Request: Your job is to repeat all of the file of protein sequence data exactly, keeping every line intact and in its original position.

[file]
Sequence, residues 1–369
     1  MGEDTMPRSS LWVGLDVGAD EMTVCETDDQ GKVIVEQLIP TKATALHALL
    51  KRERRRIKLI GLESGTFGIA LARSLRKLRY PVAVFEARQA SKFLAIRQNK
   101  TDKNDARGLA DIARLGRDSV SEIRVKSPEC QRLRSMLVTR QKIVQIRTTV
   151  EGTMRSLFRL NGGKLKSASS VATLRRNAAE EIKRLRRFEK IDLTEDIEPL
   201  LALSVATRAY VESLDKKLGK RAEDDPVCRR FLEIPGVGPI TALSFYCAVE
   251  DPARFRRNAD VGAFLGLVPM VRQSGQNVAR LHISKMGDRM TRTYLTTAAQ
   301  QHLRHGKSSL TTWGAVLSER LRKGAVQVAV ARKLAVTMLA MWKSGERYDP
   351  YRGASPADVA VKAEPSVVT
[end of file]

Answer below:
Sequence, residues 1–369
     1  MGEDTMPRSS LWVGLDVGAD EMTVCETDDQ GKVIVEQLIP TKATALHALL
    51  KRERRRIKLI GLESGTFGIA LARSLRKLRY PVAVFEARQA SKFLAIRQNK
   101  TDKNDARGLA DIARLGRDSV SEIRVKSPEC QRLRSMLVTR QKIVQIRTTV
   151  EGTMRSLFRL NGGKLKSASS VATLRRNAAE EIKRLRRFEK IDLTEDIEPL
   201  LALSVATRAY VESLDKKLGK RAEDDPVCRR FLEIPGVGPI TALSFYCAVE
   251  DPARFRRNAD VGAFLGLVPM VRQSGQNVAR LHISKMGDRM TRTYLTTAAQ
   301  QHLRHGKSSL TTWGAVLSER LRKGAVQVAV ARKLAVTMLA MWKSGERYDP
   351  YRGASPADVA VKAEPSVVT